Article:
Why violence against women is a more destabilizing force in Pakistan than any terrorist cell

The World

Police collect evidence near the body of Farzana Parveen, who was killed by family members, at the site near the Lahore High Court building in Lahore May 27, 2014. Parveen, 25, was stoned to death by her family outside one of Pakistan's top courts on Tuesday in a so-called "honor killing" for marrying the man she loved.

REUTERS/Mohammad Tahir

On The World, we sometimes report on some pretty difficult, and at times, depressing stories. But I guess the hope is that by covering the difficult issues, we're helping to start a conversation about what needs changing out there in the world.

We're going to try and do that by discussing a horrific attack against a woman in Pakistan. The country is a very important for the US, strategically and economically. And the issue of violence against women keeps coming up.

Writer Bina Shah has been covering the story I mentioned above. It involves Farzana Parveen, a woman in Lahore who was beaten to death by her own family after she apparently married the man she loved. Brothers and uncles bludgeoned her outside a courthouse with with bricks taken from a nearby construction site.

"It's just horrific, we just can't understand how or why this happened," she says.

Parveen had been there to testify that she had married her husband, Muhammad Iqbal, out of her own free will.

Her family said she'd been kidnapped. People allegedly stood and watched the beating. Nobody helped Parveen. Some took cell phone pictures. At the time of the beating, she was three months pregnant.

Iqbal says police stood by and did nothing. Police dispute this accusation.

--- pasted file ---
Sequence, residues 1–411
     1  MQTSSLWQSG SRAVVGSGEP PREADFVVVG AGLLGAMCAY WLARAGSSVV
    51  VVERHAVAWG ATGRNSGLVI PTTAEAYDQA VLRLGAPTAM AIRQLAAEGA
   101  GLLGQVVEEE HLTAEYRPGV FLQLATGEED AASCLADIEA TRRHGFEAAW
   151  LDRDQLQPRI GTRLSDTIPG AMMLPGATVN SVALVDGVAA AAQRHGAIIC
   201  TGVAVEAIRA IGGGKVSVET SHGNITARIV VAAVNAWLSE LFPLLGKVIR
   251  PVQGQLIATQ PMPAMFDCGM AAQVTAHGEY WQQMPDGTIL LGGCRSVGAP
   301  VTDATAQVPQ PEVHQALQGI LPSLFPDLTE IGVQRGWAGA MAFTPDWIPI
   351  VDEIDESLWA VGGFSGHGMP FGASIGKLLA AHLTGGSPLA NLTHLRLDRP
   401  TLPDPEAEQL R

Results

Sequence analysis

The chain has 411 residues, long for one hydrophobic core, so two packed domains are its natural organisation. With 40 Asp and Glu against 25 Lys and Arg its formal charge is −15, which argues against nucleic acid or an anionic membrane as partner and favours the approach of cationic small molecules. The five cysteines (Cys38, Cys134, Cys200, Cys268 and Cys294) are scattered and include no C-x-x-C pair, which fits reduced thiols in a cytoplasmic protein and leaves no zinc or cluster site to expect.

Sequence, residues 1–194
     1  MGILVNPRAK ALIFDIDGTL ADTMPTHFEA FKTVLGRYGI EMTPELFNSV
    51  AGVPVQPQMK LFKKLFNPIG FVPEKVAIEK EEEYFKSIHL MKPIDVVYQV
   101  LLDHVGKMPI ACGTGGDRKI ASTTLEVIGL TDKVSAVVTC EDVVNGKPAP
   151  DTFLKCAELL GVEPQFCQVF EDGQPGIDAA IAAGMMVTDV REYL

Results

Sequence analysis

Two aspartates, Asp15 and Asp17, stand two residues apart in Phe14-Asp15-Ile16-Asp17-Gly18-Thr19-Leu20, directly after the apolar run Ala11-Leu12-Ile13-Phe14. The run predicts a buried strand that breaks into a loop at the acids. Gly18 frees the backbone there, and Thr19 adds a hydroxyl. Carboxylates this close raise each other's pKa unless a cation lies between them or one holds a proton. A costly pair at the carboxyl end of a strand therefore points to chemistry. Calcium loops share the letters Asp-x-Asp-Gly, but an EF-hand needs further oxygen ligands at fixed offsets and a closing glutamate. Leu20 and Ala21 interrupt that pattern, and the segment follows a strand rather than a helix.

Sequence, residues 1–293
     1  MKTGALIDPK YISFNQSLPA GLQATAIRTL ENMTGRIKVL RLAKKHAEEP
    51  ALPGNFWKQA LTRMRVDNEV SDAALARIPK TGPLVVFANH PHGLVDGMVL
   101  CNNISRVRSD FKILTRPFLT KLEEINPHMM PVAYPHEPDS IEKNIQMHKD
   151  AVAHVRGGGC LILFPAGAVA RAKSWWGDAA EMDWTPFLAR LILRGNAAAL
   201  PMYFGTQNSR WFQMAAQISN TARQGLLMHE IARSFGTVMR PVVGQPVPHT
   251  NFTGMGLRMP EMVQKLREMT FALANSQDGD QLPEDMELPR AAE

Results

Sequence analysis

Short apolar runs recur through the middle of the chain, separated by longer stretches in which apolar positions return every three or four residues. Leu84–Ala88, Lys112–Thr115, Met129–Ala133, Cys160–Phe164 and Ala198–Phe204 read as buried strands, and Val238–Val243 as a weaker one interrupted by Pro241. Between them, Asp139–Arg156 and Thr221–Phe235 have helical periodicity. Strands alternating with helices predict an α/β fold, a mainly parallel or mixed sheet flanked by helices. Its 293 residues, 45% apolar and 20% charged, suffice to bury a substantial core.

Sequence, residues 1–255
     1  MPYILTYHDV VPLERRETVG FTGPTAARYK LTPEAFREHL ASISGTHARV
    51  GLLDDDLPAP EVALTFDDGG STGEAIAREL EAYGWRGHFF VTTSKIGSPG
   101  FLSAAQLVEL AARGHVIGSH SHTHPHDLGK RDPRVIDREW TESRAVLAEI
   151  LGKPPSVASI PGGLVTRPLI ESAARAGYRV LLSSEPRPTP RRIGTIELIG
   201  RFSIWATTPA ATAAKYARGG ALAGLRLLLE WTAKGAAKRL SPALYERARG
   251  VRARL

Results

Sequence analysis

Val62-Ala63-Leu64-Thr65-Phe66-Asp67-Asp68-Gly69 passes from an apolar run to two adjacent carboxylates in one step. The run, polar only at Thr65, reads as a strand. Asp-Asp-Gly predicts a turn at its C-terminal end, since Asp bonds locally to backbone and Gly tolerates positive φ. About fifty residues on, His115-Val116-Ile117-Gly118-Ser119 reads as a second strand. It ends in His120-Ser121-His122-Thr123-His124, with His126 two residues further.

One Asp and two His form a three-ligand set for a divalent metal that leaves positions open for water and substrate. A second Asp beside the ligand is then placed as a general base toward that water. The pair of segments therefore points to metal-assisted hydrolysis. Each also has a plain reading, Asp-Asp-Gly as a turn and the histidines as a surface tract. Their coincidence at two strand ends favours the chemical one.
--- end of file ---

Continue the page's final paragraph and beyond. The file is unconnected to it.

In a terrible twist, reporters learned that Iqbal strangled his first wife to death in order to marry Farzana Parveen. He never served any time for the murder. The family members of his first wife forgave him. And that forgiveness is a loophole in Pakistan many use to avoid punishment.

Shah’s been writing extensively about this subject on her blog. She explains how murderers, like Iqbal, get away with their crimes against women:

"People in Pakistan get away with these kinds of executions of women because of weak laws, contradictory legislation, and the overarching power of jirgas, or extra-judicial tribal court systems which reserve the harshest punishments for women exercising their free will.

We have a Protection of Women ordinance, enacted in 2006, which amended the Hudood Ordinances, making rape a crime under the Pakistan Penal Code, and also made it illegal to force a woman to marry, kidnap or sell her into prostitution, and accuse her falsely of adultery or extramarital sex. We also have a bill, enacted in 2004, which makes "honour killing" a crime. A Punjab law minister called for the crime to be tried in anti-terrorism courts in 2011, but I'm unsure whether this was ever enacted.

However, the 2004 law against "honour killing" is contradicted directly by the Islamic law of Qisas and Diyat, which allows a family of a victim to "forgive" the criminal and lessen the punishment or forgo it altogether. Most criminals use this loophole to get away with their crime."

Shah says women's rights activists, lawmakers, and politicians are raising their voices the most. But you tend to see a divide across gender lines.

Shah does say that some men are speaking out against the "honor killings." One such man is religious leader Tahir Ashrafi. He's head the influential Pakistan Ulema Council. And Ashrafi issued a fatwa against honor killings.

"Killings committed in the name of honor or dignity are brutal and cruel. Murderers will not only be guilty of murder but also spreading mischief on earth," he wrote.

Nor should it. But what's at stake for a nation when this kind of hatred against women seems to be, if not accepted, hard to roll back?

Shah says you risk an entire region becoming unstable when you have an undeclared war against half of its population. She says in order to bring back stability to the region you have to look at these ongoing episodes of violence.

They are a real assault on women. You need to have these conversations. You need to pay attention to these stories, and they link to stories across the globe.

"This for me is much more important than the issue of nuclear safety and stability, or the fight against terrorism."

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